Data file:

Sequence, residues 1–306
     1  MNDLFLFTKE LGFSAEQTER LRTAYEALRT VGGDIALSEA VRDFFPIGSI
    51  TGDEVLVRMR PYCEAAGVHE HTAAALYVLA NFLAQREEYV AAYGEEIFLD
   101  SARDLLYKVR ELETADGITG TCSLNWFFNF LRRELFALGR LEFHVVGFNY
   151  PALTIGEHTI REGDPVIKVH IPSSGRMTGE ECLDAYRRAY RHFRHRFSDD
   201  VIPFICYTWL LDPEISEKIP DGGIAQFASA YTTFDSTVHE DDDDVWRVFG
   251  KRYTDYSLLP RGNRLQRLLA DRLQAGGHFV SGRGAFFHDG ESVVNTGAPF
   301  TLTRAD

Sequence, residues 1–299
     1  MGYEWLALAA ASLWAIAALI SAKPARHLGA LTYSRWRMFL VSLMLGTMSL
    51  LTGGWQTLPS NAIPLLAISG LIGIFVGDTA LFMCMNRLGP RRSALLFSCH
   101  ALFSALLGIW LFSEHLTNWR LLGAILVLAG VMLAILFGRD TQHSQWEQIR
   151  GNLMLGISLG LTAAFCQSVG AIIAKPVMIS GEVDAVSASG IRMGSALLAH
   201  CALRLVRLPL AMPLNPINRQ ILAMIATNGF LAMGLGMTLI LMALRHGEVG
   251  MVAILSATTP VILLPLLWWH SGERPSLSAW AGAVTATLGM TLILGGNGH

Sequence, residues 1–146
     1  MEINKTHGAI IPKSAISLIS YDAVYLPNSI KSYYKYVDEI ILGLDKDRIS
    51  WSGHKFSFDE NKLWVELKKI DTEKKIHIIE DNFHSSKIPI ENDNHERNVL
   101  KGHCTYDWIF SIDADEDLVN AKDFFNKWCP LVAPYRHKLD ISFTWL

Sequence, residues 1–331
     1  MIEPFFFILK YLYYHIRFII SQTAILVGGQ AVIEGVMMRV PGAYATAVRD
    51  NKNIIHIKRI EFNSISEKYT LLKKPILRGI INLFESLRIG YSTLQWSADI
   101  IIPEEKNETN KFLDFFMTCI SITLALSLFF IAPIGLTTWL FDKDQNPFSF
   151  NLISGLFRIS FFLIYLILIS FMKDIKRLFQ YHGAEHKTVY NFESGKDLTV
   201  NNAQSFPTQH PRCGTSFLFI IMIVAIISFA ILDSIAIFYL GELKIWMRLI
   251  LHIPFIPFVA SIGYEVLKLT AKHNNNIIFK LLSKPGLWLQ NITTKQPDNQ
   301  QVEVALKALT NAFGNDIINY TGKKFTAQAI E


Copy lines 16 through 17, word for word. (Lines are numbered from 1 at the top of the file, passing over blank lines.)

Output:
Sequence, residues 1–146
     1  MEINKTHGAI IPKSAISLIS YDAVYLPNSI KSYYKYVDEI ILGLDKDRIS